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Summary: We never quite know what to do with the emotion of sadness. Here's a biblical look at dealing with sadness.

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In the Disney Pixar film, Inside Out, we get to journey inside the mind of 11 year-old Riley

Anderson as she wrestles with all the conflicting emotions that comes from a stressful move from a simple, stable life in rural Minnesota to a hurried, unknown life in San Francisco. Chief among these personified emotions is Joy, who has dominated Riley’s childhood until now. Joy and Riley’s other emotions (fear, disgust and anger) have never quite figured out what to do with Sadness, portrayed as a despondent blue teardrop shaped blob (show video here). Riley’s other emotions struggle to cope with the cross-country move, and they struggle with what to do with sadness. Riley does her best to suppress it. She wants the move to go smoothly for mom and dad, so she puts on a happy face, and inside, Joy attempts to keep Sadness away from the “core memories,” and through a swirl of misguided intentions and an amusing struggle, Joy and Sadness both end up outside of “head”quarters. Joy does her best to control the situation. It is an interesting interplay between the emotions, especially of joy and sadness in the life of an 11 year-old. Quite expected for an 11 year-old. The problem is too many of us who have grown up don’t understand the interplay of joy and sadness, nor do we always understand the positive role sadness can play in our lives. It’s true for non-believers, and may I dare say, it can be especially pronounced among those who call themselves disciples of Jesus Christ.

Theologian Ben Myers writes, “In the Protestant West today, smiling has become a moral imperative. The smile is regarded as the objective externalisation of a well-ordered life. Sadness is moral failure.” Myers speaks the truth. We save our best faces for Sunday morning; we hide terrible secrets and unspeakable suffering behind the veneer of a firm handshake and a response of “just fine” when asked how we’re doing. Our smiles reflect our faith in the cult of Christian happiness.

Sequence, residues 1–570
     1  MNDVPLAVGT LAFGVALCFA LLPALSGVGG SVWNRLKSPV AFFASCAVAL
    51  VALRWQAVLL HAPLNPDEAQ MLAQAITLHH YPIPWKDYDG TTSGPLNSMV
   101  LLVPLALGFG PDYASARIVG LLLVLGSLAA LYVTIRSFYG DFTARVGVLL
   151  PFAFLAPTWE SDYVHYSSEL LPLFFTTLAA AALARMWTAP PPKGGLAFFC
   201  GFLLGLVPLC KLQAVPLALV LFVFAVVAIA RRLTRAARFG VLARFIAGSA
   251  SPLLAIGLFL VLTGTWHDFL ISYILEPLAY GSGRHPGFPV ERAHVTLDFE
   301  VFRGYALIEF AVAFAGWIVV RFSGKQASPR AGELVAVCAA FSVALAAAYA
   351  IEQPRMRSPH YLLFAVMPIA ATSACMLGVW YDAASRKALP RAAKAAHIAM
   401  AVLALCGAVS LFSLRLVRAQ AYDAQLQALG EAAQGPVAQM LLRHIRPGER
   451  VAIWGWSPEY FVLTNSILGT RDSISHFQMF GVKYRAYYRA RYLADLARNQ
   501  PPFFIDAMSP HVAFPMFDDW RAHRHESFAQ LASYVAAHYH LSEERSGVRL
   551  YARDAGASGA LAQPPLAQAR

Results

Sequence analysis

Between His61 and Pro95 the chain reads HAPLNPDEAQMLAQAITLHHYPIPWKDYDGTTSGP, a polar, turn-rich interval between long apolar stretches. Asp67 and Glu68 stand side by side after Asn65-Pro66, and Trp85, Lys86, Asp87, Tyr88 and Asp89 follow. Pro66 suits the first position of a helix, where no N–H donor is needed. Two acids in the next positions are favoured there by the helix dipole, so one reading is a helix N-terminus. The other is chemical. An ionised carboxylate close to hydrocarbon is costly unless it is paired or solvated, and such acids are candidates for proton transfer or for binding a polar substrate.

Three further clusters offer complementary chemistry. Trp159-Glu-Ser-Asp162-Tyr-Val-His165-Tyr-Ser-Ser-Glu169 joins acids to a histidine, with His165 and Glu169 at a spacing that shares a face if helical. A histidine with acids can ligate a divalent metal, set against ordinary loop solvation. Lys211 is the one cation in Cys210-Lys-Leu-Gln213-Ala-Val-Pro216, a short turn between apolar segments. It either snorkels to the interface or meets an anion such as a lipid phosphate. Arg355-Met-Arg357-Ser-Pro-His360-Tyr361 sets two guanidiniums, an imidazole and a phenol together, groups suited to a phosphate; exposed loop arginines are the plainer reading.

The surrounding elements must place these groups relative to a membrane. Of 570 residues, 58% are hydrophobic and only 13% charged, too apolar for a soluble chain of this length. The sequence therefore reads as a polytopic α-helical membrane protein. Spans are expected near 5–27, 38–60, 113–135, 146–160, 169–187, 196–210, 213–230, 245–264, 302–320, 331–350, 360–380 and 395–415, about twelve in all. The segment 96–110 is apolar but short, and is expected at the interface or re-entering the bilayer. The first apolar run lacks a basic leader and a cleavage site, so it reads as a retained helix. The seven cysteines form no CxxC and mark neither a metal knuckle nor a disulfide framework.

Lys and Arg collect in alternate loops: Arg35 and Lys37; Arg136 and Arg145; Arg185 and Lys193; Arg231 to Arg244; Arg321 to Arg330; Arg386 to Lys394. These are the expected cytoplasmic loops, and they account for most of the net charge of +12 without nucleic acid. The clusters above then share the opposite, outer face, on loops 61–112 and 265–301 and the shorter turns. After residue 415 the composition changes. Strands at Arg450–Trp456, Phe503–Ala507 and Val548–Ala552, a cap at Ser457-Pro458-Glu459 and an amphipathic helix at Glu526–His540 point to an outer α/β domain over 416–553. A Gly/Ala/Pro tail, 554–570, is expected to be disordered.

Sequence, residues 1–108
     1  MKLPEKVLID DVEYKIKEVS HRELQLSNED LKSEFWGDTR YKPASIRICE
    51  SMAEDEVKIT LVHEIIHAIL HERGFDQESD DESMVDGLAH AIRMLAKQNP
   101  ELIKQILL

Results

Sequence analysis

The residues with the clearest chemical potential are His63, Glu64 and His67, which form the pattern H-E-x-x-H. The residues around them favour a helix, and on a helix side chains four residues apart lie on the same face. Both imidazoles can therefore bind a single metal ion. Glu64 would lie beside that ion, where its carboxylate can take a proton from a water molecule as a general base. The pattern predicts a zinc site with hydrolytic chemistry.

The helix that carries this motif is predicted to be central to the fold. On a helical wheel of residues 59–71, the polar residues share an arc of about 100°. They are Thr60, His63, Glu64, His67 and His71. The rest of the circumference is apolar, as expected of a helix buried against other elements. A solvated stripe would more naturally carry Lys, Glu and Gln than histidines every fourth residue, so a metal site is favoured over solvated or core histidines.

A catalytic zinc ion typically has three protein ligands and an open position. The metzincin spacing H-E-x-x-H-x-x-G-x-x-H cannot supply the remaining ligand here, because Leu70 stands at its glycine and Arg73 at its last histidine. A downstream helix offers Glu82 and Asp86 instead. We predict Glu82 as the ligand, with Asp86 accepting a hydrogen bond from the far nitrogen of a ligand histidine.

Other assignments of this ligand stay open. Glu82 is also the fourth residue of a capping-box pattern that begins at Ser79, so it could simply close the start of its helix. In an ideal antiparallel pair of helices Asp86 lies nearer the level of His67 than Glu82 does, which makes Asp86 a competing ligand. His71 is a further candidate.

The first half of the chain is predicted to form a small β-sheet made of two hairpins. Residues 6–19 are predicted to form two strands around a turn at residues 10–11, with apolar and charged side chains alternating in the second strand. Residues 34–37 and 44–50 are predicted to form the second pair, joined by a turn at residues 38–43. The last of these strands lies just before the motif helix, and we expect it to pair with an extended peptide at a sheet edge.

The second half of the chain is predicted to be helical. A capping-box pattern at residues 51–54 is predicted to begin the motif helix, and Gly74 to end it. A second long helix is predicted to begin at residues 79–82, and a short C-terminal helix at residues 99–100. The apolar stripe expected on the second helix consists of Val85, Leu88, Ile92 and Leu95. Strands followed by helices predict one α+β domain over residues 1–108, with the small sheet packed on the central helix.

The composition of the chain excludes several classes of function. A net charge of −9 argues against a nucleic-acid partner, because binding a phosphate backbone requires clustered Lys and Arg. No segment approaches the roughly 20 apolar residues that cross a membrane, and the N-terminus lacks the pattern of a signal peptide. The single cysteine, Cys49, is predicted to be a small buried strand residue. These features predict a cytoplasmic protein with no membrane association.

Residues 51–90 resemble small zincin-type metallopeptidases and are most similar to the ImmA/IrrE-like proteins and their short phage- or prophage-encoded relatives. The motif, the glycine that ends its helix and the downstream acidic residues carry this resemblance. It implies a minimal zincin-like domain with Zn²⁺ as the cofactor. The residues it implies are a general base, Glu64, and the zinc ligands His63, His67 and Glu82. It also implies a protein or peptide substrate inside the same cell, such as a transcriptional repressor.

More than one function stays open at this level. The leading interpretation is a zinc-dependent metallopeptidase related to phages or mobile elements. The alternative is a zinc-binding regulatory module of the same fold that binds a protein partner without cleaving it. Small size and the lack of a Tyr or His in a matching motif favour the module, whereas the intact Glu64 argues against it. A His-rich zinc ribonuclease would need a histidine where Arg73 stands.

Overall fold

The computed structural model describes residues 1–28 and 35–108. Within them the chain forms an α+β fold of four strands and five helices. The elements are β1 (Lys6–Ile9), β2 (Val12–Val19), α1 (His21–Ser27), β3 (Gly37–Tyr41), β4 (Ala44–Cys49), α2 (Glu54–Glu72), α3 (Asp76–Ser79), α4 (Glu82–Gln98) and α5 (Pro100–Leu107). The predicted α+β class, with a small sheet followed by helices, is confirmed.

It’s no wonder we do that. We’re taught that from the time we’re born, aren’t we? Didn’t our parents tell us when we were sad or crying to “Cheer up,” and not to be sad? And, we teach our children to sing “Put on a Happy Face:”

Grey skies are gonna clear up

Put on a happy face

Brush off the clouds and cheer up

Put on a happy face

Take off the gloomy mask of tragedy

It's not your style

You'll look so good that

You'll be glad ya' decided to smile

The song goes on to say:

Pick out a pleasant outlook

Stick out that noble chin

Wipe out that "full of doubt" look

Slap on a happy grin

And spread sunshine

All over the place

Just put on a happy face

In western culture, both within Christianity and without, we’ve bought the lie that joy trumps all, and sadness needs to be suppressed. Nothing could be further from the truth. So the wisdom writer of Ecclesiastes reminds us this morning with his own poetry of life. He reminds us there is an appropriate time for everything under heaven, and he sets out to establish the rhythm that is life. Were we to read all of chapter three we would discover from his writing that it is God who has established the patterns of life, and God has created us as emotional beings. God has given us the emotion of joy, of anger, of fear…and yes, of sadness. The writer reminds us there is a time to laugh and a time to cry, a time to grieve and a time to dance. The wisdom writer counsels us to stop straining against the limits of life and find the real joy and beauty that exists in the daily living of life with all its ups and downs. It’s a lesson we do well to learn.


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